This fall, hundreds of American Indian youth living in the southwestern United States will set out to develop a host of important life skills, from analyzing the nutrition facts on food packaging to confronting stressful situations.
While their goals may seem challenging, they will have the time, space, and support necessary to achieve them, thanks to the NativeVision after school program. The program, which is overseen by the Johns Hopkins Center for American Indian Health, offers a 12-session curriculum to students in kindergarten through 12th grade.
NativeVision works with the White Mountain Apache Tribe, the Santo Domingo Pueblo, and the Navajo Nation and is currently operating in five different communities, one of which – Tuba City, AZ – is offering the program for the first time this fall to over 400 children.
Focus Placed on Physical and Mental Well-Being
NativeVision focuses on improving students’ physical fitness, dietary choices, and academic progress, increasing their sense of connectedness to their communities and cultures, and bolstering their self-esteem and vision for the future. The lessons are taught in an interactive manner with participating youth engaging in activities related to the themes of the different sessions.
For instance, in Shiprock, NM, students recently imagined a scenario in which they went into town for lunch, a movie, and dinner and then estimated the total number of calories that they would have consumed. In another session, they physically measured the sugar contained in a variety of beverages and taste-tested water infused with strawberries, lemons and other fruits. Afterward, they went home with the assignment to discuss what they had learned during the session with their parents.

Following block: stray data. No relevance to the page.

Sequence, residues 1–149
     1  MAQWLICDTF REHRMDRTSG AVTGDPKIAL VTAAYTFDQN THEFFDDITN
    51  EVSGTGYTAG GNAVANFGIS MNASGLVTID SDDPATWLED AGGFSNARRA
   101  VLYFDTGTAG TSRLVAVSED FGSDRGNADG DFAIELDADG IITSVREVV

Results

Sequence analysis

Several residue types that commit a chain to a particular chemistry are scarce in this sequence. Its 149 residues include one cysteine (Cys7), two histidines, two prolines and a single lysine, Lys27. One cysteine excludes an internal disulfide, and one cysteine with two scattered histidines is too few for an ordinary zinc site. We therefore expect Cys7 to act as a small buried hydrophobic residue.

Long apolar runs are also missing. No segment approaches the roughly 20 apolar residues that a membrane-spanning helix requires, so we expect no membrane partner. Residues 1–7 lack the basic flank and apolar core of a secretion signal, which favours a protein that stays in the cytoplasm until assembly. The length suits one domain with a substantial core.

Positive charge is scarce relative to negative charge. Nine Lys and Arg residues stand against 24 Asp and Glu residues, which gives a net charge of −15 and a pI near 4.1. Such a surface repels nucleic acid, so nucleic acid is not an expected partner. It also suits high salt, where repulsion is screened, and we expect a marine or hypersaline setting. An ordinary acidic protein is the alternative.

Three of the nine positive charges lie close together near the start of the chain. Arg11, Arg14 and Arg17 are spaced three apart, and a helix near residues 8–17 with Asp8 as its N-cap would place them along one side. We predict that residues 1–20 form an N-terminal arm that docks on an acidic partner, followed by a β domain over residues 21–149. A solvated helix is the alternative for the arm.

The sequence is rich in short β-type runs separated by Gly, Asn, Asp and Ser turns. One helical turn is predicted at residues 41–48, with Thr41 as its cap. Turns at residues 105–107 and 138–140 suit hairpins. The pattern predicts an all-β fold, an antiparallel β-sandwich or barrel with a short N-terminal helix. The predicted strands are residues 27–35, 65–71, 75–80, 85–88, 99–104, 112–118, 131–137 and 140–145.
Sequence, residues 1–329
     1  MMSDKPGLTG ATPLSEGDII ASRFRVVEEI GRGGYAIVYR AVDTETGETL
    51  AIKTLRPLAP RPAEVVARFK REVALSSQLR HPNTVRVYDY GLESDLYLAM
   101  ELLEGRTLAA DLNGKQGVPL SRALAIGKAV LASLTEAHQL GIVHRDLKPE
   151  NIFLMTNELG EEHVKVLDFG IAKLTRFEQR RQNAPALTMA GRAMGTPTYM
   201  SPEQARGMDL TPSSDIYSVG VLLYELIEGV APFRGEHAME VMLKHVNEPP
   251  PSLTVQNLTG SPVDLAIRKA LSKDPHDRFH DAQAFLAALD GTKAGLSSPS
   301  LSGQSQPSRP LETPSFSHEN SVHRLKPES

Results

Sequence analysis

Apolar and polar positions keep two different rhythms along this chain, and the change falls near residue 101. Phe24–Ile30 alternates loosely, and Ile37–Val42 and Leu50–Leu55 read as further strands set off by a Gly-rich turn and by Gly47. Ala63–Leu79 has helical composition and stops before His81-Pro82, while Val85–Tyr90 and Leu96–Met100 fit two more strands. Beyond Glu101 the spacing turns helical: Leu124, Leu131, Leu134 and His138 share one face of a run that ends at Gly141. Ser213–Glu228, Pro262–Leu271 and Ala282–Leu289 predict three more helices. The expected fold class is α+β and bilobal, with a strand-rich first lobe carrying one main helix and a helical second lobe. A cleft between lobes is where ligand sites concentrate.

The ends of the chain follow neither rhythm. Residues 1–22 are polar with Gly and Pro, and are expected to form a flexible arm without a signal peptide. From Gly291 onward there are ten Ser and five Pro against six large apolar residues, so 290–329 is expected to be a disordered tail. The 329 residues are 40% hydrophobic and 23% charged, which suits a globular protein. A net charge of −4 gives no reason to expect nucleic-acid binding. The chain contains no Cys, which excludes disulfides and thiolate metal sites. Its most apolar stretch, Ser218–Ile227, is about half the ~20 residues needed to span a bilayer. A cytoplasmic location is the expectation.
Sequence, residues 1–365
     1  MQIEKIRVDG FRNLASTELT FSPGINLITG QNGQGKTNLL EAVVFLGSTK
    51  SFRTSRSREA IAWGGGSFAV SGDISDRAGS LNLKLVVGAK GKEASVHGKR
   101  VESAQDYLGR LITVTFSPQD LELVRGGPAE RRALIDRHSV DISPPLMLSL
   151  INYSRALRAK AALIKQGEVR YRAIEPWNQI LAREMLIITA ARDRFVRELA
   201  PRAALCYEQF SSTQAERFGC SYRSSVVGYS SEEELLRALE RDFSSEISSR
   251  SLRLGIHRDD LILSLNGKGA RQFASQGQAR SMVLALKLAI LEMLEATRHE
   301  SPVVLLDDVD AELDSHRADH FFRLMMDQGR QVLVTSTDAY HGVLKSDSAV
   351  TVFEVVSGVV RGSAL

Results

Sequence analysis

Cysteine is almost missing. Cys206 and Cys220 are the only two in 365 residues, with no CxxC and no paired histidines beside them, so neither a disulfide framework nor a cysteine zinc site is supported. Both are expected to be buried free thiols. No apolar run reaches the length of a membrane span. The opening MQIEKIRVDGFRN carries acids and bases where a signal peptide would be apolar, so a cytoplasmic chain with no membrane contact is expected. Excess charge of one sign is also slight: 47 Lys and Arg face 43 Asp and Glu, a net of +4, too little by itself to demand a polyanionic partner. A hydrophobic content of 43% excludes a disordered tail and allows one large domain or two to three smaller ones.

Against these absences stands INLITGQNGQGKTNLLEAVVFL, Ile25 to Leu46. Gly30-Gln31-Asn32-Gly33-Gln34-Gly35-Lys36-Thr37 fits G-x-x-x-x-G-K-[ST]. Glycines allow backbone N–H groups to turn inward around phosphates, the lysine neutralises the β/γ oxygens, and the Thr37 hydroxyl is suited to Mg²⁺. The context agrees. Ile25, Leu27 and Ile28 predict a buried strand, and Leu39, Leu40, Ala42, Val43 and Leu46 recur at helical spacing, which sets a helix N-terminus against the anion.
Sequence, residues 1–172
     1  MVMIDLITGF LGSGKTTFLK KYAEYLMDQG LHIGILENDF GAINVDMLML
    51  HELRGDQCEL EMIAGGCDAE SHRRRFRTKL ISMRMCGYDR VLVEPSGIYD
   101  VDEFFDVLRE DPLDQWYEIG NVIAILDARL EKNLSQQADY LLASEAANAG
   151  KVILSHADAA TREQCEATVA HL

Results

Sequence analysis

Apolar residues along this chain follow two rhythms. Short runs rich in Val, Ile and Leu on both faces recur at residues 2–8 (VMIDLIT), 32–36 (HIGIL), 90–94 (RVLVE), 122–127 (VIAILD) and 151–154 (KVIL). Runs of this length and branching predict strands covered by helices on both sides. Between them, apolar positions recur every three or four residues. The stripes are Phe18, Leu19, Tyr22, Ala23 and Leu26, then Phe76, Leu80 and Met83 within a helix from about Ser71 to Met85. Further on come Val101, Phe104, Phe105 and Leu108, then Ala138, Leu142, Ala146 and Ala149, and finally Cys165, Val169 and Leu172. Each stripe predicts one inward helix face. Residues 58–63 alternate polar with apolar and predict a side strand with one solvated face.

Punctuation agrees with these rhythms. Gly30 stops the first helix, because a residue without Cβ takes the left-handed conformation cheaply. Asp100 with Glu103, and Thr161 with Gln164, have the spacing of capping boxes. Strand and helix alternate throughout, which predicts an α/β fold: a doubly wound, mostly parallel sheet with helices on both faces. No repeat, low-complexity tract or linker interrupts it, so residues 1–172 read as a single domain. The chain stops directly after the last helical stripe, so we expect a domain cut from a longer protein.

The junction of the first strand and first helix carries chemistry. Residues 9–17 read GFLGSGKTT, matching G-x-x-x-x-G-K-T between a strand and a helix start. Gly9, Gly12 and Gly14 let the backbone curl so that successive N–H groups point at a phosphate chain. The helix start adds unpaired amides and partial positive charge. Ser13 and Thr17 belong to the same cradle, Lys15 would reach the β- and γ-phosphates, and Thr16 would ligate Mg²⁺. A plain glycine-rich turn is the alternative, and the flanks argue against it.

At Santo Domingo Elementary School, students have worked on their physical fitness in a variety of ways, ranging from basketball and volleyball in the gym to hiking outdoors (even learning about navigation in the process). They have also learned about the farming background of the Santo Domingo Pueblo and worked in a greenhouse. Site coordinator Daniel Nieto was particularly pleased that the fifth graders he worked with last spring now intend to return and assist with the program as sixth graders.
“They want to do more, they want to help,” Nieto said.
A Much-Needed Program
Statistics show that American Indians suffer from poorer health outcomes and educational status than other groups in the U.S. Forty-one percent of American Indian school-age youth are obese, and Native youth have diabetes rates more than two times higher than the U.S. general population. Furthermore, according to the National Center for Education Statistics, American Indians and Alaskan Natives are also less likely to earn a bachelor’s degree or higher than their non-Native counterparts.
NativeVision is an innovative, strengths-based approach that is addressing this critical situation and building a better future for American Indians and their communities. The Johns Hopkins Center is honored to be part of this solution and looks forward to replicating the NativeVision after school program in tribal communities across the country in the coming years.
The response of children to the program was reflected in a number of thank-you letters from last year’s participants.
Mandi from the Santo Domingo site wrote that “the lessons are fun because they deal with things in everyday life such as problem solving, how to be healthy, getting into my happy zone (and) exercising.”